The state’s capital, and the fifth most populated city in the country, is a great first stop if you’ve booked a bus ticket to Arizona and aren’t sure where to begin. Only here can you experience the state’s enlightening natural beauty in the midst of modern fineries. It may be a bit confusing to the senses at first, but you’ll quickly grow to appreciate all that the city offers. It oozes sophistication, thanks to its collection of chic shops, restaurants, and museums. In the distance, sprawling deserts and landscapes dotted with cactus create strong contrast. Then there are the spas—the luxurious, world-renowned destinations that provide honeymooners, empty-nesters, and everyone in between with the kind of respite they demand of a quality vacation. There’s plenty to experience, including the 125-acre Phoenix Zoo, Camelback Mountain for epic hiking, the intuitive exhibits at the Arizona Science Center, and the wondrous My Mystery Castle.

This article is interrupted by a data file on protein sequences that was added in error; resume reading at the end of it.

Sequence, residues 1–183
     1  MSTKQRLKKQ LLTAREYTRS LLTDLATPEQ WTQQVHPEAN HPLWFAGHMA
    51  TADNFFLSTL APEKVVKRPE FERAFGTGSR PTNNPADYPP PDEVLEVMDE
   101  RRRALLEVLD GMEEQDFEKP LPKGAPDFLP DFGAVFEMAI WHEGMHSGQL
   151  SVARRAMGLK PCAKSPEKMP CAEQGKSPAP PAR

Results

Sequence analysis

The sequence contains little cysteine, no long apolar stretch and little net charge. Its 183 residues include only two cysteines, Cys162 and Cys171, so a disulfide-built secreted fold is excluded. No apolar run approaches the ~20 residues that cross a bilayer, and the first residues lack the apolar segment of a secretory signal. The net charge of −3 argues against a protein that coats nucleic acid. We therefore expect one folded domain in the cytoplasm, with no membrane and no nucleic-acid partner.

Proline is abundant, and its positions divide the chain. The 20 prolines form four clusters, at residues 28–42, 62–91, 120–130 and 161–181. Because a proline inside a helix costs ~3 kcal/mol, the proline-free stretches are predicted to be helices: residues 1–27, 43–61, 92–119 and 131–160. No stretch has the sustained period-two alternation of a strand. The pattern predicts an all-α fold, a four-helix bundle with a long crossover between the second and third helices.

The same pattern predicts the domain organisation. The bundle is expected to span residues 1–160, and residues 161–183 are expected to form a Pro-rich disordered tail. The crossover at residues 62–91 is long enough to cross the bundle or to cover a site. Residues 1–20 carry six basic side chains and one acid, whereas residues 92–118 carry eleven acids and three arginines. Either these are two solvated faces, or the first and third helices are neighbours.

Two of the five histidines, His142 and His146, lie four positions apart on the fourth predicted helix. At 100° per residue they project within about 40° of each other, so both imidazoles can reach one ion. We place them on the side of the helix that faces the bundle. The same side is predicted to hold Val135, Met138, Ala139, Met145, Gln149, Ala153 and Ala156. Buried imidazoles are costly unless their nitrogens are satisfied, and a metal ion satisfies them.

Tucson is situated in the Sonoran Desert, and at every turn you’ll be treated to views of beautiful mountain vistas and vast deserts. Here, you can enjoy a picnic at Saguaro National Park or go for a hike in the Sabino Canyon Recreation Area. If you love all things botanical, head straight to the Arizona-Sonora Desert Museum for a walk through its fragrant garden (there’s a zoo, too!). The city is also home to the University of Arizona and brims with eclectic boutiques and restaurants. Don’t miss Old Tucson, a former movie set that now serves as a theme park.
Flagstaff is favored for its proximity to the South Rim of the Grand Canyon. It’s about 80 miles away, and the town offers plenty of exciting activities—even if you’re only there for a single day, you’ll find enough to fill every moment. Note that it’s based at a higher altitude, so you should pace yourself and drink water throughout the day. Visiting during winter? Head to the Arizona Snowball for amazing runs, or take a lesson at the Flagstaff Nordic Center. If you book your bus ticket to Arizona in the summer, make room for the Arboretum at Flagstaff, where you’ll learn about native plants and birds. You might also take a scenic hike up Rocky Ridge. There are dozens of breweries and restaurants in town that are worth the visit.